6) Gah, wrong! They are buying two to three whole boxes!!

The comic essay is available at the Donki Onlineshop or at Amazon Japan and I can only recommend it.

7 thoughts on “Comic Essay ドンキに行ったら外国人がすごかった

  1. Japanese people always snicker a bit when they ask what omiage I’m taking to my family and I reply “Sembai and Kit-kat” but honestly, those are the things that fit the category of, “novel, yet not so strange as to be unfamiliar.” Though my family doesn’t care for matcha, so I usually buy the strawberry ones, or something else interesting.

    Actually another thing my family loves are the melty-kisses. And since I’m from a large family, and they each want a box of strawberry and a box of chocolate, and one sister commissions a few extra boxes, I walk into the store in December and stick 20 boxes of melty-kisses in my basket. Then I go to the check out, mentally telling everyone around me, “I’m actually a very healthy eater.”

    Liked by 1 person

    • I never thought about it that way, but I think you are right. Flavored KitKat is just a mini step outside the box and even my grandmother likes them ^^

      Uh, I love Melty-Kisses, too. But it’s a bother to take home because the pretty little boxes always come out of my suitcase with dents and bruises. I think japanese chocolate is just bestter suited to give as present because even though usually the amount is very small the packaging is beautiful (^_^)

      When in Japan usually my husbands buys all the sweets but I know the “It’s not all for me. Really!” feeling. Here in Germany I’m the one who buys all the omiyage and when you stand at the register with 30 packs of Haribo… f(^_^;)


      • My melty kisses boxes end up dented, but it works out okay because I usually put them in the Christmas stockings, which means I open the box anyway and dump the pieces inside.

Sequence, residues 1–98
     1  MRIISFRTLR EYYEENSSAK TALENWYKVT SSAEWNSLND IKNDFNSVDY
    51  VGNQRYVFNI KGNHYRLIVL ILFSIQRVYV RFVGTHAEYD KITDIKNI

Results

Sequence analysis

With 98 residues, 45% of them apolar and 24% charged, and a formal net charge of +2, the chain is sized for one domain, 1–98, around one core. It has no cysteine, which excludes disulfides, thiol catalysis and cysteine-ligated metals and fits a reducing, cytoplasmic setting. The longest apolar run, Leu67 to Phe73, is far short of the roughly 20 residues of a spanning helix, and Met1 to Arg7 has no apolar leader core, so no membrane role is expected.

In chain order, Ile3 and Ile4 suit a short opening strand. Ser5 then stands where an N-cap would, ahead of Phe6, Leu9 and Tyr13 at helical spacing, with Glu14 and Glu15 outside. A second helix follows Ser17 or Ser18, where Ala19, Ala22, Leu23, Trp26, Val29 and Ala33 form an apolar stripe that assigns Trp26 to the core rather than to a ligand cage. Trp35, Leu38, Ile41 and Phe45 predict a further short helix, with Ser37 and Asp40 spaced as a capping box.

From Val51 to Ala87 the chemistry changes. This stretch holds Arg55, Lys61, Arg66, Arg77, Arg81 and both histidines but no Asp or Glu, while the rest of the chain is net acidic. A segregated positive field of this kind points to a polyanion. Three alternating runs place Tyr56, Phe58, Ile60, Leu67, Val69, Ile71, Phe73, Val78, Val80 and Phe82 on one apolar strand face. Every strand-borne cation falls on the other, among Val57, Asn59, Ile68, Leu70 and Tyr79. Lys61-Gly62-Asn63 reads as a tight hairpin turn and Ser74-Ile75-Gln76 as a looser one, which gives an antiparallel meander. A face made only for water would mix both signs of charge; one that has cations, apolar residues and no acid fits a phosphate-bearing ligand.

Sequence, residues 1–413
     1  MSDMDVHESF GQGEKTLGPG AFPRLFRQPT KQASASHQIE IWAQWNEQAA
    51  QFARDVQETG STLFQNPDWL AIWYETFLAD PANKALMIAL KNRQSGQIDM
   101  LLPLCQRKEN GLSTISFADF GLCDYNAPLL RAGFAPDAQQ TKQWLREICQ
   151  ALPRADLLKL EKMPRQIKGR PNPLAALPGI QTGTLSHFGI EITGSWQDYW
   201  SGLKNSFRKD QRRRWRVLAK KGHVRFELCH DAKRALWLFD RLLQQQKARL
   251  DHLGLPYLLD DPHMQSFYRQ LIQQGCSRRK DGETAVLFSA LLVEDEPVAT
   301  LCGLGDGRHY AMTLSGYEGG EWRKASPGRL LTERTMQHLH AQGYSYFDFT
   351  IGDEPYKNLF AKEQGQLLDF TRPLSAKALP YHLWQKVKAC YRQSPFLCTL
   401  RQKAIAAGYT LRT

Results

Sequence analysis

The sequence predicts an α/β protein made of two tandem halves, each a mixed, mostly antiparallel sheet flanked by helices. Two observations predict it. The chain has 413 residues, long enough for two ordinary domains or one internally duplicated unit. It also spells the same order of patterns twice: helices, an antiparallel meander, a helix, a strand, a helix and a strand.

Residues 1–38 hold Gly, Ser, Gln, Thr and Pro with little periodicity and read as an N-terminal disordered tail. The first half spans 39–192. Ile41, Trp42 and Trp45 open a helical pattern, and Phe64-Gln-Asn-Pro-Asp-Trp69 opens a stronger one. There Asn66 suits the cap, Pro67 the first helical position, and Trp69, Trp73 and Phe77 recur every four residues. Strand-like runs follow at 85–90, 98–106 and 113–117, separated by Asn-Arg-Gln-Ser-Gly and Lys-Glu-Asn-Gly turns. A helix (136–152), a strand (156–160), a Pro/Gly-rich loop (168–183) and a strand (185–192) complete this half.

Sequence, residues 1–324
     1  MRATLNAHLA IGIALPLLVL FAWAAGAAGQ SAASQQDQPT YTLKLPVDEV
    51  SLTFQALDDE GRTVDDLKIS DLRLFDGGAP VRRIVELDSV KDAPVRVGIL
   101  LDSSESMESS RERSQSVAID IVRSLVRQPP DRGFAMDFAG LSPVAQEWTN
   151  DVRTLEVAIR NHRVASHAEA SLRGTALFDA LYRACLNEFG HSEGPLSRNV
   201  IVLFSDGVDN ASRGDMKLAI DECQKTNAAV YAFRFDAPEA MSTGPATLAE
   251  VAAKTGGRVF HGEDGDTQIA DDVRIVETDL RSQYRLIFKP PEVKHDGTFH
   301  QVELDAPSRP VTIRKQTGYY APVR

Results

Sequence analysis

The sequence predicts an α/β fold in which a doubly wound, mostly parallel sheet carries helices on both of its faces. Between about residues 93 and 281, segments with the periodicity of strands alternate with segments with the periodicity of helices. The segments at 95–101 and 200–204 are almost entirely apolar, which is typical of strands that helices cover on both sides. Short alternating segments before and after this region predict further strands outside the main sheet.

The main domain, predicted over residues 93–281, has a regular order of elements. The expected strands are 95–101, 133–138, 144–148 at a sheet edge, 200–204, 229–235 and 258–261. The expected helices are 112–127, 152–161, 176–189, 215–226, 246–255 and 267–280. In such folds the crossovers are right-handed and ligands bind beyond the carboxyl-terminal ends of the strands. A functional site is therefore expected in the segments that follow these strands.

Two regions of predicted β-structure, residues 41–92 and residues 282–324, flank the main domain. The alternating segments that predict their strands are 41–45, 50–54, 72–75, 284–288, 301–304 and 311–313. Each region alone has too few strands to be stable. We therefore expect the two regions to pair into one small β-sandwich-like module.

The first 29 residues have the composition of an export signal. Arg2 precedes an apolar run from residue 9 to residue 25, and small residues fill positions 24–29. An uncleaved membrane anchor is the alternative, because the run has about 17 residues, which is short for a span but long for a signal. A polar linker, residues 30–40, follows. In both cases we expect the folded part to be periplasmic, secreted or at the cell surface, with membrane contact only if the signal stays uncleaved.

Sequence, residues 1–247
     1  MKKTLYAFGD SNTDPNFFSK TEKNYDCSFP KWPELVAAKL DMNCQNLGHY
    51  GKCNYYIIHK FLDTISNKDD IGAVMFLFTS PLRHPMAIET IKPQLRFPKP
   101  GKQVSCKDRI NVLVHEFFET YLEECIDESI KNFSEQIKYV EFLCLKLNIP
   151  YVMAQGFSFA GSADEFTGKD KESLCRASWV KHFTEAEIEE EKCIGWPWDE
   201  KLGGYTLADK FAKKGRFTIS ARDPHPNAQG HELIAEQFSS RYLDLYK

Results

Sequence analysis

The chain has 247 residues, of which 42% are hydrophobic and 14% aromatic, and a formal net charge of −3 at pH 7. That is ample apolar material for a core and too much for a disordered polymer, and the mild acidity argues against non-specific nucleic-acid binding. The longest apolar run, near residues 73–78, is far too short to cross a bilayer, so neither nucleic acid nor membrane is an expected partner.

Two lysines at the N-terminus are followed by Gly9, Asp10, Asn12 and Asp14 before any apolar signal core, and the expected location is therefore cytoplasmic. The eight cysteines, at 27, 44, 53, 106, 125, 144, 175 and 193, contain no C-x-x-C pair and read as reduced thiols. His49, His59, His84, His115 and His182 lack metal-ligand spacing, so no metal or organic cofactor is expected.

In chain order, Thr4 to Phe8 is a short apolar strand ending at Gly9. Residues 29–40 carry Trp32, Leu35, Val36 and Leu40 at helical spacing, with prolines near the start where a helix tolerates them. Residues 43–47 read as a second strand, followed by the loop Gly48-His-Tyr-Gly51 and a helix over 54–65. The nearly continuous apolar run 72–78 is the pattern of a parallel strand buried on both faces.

Do Germans know that Haribo are very hard to get outside of Germany? I’ve found them in a couple different stores in the U.S., but they aren’t common. One time I brought blue jello cups to a picnic and I placed raw spinach leaves and Haribo gummy frogs on top of each. Everyone was asking where I had gotten the frogs. I don’t think they had ever seen them before.

        Liked by 1 person

      • I think at least in Europe Haribo is quite common (though I can’t say for sure as I always rather search for sweets that we don’t have here) but I know that it’s rare or very expensive in Japan and China. Everytime we visit my Inlaws we bring Haribo for the kids and Ferrero for the adults (^_^)
        I found Haribo in Japan, at Donki and such, but I was appalled by the tiny size and huge prize ^^”

        Though Haribo also can be tricky. My younger brother and sister brought Haribo with them when they came to visit, but included licorice…
        Have you ever seen a asian person eat licorice? If you have then you know the disgusted look on their faces and the struggle with wanting to spit it out and being too polite to do so 😉


  2. Ha, ha,ha. No, I’ve never seen them eat licorice, but I have seen them eat cheddar cheese and an apple pie with cinnamon flavoring, which get the same reactions. So I guess they aren’t interested in trying Springerlies or Annisplatzen any time soon…